Learn how to build systems that evolve and flex in small steps over time. Design software architecture that adapts to stresses from business and technology change. Stop aiming for the poster on the wall and forget about the three-year plan to build the “end state.” Build systems from simpler pieces with simpler interfaces that can be combined and recombined to deliver features.
Architecture plans in enterprises tend to resemble late-night infomercials. First, you see a person or system that seems incapable of survival—a situation that can be immediately rectified if you just buy into the product. (One popular infomercial shows incompetent people mangling tomatoes transitioning into Ginsu-wielding sous chefs; the architecture pitch starts with hideous complexity then moves to clean orthogonal box diagrams.) Operators are always standing by.
Real architecture never reaches that blissful end state. Something always interrupts the program: businesses change, technology changes, or funding dries up. What would happen if you did reach the end state, anyway? Is IT in the company done? Of course not.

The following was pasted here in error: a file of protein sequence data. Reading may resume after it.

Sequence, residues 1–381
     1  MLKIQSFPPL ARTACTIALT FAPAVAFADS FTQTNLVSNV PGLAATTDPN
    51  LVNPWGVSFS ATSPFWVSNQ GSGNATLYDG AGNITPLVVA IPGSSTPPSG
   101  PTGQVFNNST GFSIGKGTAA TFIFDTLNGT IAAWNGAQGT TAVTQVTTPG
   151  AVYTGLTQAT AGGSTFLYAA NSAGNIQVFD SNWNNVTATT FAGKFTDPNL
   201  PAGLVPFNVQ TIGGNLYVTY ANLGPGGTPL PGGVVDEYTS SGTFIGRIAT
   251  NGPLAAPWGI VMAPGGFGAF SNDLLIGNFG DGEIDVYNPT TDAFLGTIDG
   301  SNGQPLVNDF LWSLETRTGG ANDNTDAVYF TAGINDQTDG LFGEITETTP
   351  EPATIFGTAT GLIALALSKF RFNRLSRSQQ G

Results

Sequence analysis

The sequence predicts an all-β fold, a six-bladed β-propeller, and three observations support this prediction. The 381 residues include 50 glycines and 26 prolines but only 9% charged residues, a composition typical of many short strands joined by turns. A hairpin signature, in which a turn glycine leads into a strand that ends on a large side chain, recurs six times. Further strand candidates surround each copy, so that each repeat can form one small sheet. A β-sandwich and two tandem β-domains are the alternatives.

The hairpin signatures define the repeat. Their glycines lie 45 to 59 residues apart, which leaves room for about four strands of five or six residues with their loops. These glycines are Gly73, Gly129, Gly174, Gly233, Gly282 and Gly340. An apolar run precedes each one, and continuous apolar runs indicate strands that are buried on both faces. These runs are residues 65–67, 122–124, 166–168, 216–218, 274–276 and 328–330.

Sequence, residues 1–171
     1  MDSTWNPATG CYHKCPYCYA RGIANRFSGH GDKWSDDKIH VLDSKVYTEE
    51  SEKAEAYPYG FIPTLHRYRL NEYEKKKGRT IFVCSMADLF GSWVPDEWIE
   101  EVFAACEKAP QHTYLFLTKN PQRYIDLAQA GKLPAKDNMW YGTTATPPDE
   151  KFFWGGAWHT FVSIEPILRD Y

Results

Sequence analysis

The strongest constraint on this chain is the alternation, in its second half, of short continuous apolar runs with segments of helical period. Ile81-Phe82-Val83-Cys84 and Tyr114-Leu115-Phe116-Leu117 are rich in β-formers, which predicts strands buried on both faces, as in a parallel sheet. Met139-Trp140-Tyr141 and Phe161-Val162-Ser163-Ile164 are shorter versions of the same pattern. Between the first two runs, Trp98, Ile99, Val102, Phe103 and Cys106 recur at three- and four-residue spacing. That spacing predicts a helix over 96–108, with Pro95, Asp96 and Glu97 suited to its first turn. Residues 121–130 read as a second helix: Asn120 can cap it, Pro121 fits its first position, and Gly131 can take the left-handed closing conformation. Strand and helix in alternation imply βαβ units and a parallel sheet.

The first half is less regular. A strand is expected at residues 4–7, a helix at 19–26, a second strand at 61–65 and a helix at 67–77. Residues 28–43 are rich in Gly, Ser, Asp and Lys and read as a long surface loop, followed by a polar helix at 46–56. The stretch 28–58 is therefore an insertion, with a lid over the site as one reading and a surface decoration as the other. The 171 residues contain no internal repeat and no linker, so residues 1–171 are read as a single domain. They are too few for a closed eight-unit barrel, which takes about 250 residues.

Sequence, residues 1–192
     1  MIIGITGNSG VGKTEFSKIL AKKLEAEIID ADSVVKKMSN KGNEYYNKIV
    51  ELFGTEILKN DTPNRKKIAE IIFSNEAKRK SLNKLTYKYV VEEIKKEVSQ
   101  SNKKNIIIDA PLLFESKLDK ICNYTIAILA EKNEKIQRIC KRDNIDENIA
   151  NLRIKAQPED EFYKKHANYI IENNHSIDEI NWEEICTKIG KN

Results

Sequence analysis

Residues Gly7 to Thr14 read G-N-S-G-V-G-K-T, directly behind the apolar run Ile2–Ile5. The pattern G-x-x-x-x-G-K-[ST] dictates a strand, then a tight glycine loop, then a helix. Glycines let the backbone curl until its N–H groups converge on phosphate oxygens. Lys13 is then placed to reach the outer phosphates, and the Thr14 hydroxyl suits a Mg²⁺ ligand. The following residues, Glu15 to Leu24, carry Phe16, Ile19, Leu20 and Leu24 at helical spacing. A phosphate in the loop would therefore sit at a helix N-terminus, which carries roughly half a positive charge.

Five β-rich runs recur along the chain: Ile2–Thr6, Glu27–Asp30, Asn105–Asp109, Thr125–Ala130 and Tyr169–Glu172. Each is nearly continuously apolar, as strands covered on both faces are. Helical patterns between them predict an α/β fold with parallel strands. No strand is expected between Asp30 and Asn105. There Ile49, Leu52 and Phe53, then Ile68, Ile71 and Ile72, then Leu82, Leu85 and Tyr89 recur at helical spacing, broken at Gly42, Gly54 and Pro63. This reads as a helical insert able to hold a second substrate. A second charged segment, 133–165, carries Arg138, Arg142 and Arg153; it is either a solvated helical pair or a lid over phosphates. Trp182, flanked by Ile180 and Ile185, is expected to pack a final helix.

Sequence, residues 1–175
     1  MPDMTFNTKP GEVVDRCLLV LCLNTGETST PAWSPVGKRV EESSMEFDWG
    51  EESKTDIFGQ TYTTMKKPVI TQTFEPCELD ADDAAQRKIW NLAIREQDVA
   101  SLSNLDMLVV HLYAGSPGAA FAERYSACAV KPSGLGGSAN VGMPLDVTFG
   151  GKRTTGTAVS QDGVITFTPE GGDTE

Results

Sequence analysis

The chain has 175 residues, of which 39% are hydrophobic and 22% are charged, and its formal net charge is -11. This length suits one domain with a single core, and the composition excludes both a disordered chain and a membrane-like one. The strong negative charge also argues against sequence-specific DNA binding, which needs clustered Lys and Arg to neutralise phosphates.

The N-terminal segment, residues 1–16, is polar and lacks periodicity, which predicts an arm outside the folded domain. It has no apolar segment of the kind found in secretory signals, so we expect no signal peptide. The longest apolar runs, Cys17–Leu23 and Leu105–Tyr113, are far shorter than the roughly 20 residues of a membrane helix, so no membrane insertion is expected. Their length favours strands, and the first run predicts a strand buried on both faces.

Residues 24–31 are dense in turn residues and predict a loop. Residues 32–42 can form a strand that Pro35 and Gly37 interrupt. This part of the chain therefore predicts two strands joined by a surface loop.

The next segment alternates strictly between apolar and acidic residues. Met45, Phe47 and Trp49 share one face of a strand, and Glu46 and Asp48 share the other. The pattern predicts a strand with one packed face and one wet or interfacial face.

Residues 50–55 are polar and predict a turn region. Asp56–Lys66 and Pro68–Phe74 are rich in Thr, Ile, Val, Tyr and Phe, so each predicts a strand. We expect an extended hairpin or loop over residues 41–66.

The truth is that there is no end state. We must all learn to build systems that evolve and grow. We need to stop aiming for the end state and understand that change is continuous. We cannot predict the details, but we can learn the general patterns.
Michael Nygard demonstrates how to design and architect systems that admit change—bending and flexing through time. Using a blend of information architecture, technical architecture, and some process change, Michael walks you through examples of rigid systems to show how to transform them into more maneuverable architecture.
This workshop includes both teaching and hands-on design sessions. Design sessions will be paper and whiteboard work in small groups. You’ll work on real problems drawn from a variety of industries. If you’re a developer or architect working with medium to large architectures and building applications in the context of existing systems or transitioning to new systems, this is the tutorial for you.
Familiarity with basic architecture principles, such as system boundary and separation of concerns